Let the bidding begin: San Diego looks to auction off San Diego's electric and gas services

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San Diego Gas & Electric's 117-mile Sunrise Powerlink transmission line runs through California's Imperial County, toward San Diego County, near the U.S.-Mexico border. - Peggy Peattie/San Diego Union-Tribune/TNS

A future San Diego City Council meeting may resemble a session at an auction house. Or maybe it won’t.

Under an Invitation to Bid process outlined by Mayor Kevin Faulconer on Wednesday, it is hoped that multiple energy companies will compete with each other to win the city’s franchise agreement — that is, the right to supply gas and electric services within the city limits of San Diego.

The current franchise agreement is held by San Diego Gas & Electric, as part of a 50-year pact signed in 1970 that is set to expire in January.

The mayor’s team on Wednesday unveiled some of the stipulations a potential winner of the new agreement must meet, including signing a 20-year deal with the city and putting up a minimum upfront bid of $80 million.

But most tantalizingly, Faulconer’s plan calls for bids from prospective companies to be opened live during a session of the City Council. Provided there is more than one entity making an offer that qualifies, the companies can then compete to win the council’s approval by upping their initial bids.

“Let’s say somebody came in at $80 million and somebody else came in at $85 million,” said Lee Friedman, Faulconer’s strategic energy initiatives manager. “The entity that puts in the lower bid still has the opportunity to up their bid by a minimum of 10 percent. And (the competitors) can keep on doing that back and forth, live, auction-style” until the highest bid is reached.

Under a franchise agreement, a utility is granted the exclusive use of public right-of-ways for transmission and distribution in a municipality, as well as the right to install and maintain wires, poles, power lines, and underground gas and electric lines.

Prior to Wednesday’s announcement, three companies had expressed interest in winning the San Diego franchise agreement — SDG&E, Orange County-based Indian Energy, and Berkshire Hathaway Energy, a subsidiary of billionaire Warren Buffett’s Berkshire Hathaway, Inc.

Prospective bidders have until Oct. 23 at 5 p.m. to submit their offers. Companies besides SDG&E, Indian Energy and Berkshire can make offers until the deadline but they have to prove they can take on the responsibilities of delivering electric and gas services and have the money to meet the upfront requirement.

The prospect of a live auction to win a franchise agreement is out of the ordinary. In fact, a number of financial analysts who follow utilities said they had never heard of such a thing.

“It’s not unusual for municipalities to try to extract concessions from a utility,” said Paul Patterson, analyst at Glenrock Associates in New York City. “But the drama associated with the situation in San Diego is, I would say, rather unique in my experience.”

It’s also something new for the City Council.

“I don’t remember any kind of project that’s come as a live bid in front of council before,” said Councilman Scott Sherman, who is stepping down in December due to term limits. “And quite frankly, the council has a tough time deciding on whether to tie its shoes or not. So getting us to agree on something of this magnitude is going to be very difficult.”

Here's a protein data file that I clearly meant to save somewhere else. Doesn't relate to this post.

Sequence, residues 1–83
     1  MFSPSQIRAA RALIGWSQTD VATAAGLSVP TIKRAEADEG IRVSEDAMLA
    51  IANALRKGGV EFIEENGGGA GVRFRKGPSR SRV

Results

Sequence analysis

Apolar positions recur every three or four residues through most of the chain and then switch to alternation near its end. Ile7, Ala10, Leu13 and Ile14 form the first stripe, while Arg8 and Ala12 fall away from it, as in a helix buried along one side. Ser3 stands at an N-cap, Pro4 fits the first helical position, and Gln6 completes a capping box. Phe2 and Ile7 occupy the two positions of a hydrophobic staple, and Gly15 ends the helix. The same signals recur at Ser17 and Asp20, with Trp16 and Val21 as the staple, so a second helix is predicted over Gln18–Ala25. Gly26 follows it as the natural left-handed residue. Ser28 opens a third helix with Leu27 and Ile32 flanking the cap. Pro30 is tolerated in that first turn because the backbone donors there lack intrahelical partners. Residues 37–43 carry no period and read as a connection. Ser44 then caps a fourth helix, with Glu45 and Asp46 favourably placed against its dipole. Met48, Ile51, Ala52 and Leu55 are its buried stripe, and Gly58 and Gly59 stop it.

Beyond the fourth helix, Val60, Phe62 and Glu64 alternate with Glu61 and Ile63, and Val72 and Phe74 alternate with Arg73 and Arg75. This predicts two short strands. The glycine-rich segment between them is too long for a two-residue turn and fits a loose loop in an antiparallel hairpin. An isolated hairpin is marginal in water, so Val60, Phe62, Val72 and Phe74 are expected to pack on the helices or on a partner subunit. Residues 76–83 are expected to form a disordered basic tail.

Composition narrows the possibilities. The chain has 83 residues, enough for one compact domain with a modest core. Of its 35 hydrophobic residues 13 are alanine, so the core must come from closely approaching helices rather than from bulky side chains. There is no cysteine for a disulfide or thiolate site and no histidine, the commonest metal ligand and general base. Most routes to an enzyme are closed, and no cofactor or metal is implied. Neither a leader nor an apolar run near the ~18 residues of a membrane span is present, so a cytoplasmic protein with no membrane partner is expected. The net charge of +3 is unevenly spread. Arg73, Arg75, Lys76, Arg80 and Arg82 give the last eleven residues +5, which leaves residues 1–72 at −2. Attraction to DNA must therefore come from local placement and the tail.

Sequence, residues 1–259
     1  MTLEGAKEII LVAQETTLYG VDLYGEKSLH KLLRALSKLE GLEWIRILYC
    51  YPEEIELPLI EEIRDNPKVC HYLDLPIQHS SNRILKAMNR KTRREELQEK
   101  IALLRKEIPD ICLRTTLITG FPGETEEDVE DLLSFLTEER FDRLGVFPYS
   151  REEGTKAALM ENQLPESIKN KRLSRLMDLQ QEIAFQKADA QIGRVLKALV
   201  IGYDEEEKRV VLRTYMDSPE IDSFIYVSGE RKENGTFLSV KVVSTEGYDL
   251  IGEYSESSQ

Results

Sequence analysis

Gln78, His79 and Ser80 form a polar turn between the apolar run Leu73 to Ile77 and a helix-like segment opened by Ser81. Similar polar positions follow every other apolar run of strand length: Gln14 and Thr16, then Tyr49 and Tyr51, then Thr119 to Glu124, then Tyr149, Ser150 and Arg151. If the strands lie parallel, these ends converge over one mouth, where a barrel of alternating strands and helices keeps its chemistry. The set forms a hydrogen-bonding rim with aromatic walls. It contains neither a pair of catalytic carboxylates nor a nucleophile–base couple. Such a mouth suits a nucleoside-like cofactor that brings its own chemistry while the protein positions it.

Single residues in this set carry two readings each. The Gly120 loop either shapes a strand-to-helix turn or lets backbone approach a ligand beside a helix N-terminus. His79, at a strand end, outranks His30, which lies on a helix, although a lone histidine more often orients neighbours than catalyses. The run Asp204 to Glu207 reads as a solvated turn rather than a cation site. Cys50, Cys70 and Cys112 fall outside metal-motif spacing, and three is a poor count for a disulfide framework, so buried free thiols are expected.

There’s no guarantee that a potential live auction will be held.

One complicating factor is the upcoming election in November that will result in a new mayor for San Diego and five new members coming to the City Council.

“I believe the new mayor and the five new members of the City Council need to be a key part of the decision,” said Councilwoman Barbara Bry, who is running for mayor. Bry said the city should negotiate an extension with SDG&E of about one year because “I think there’s a lot of homework that needs to be done before we move forward with these invitations.”

A potential auction would have to be placed on the City Council’s calendar by Councilwoman Georgette Gómez, who serves as council president.

Should a company emerge from the bidding as the top choice, it would then need to receive approval by a two-thirds majority of the City Council’s nine members.

“Getting to six (yes votes) I think will be very difficult unless there are lot of concessions being made by the bidders that I don’t know that they would be prepared to make,” Sherman said.

Will companies still pursue a franchise agreement that has an $80 million upfront price tag attached to it? The specifics of the Invitation to Bid did not get posted on the city’s contracts page until after 2 p.m. Wednesday.

A spokeswoman for SDG&E said the utility is reviewing the invitation’s details and will make a response later. Indian Energy and Berkshire Hathaway did not respond to emails from the Union-Tribune by the close of the business day Wednesday.

If no companies send in bids, the city has the option to form its own gas and electric utility through a process known as municipalization. The Los Angeles Department of Water and Power and the Sacramento Municipal Utility District are two of the most prominent publicly-owned utilities in California.

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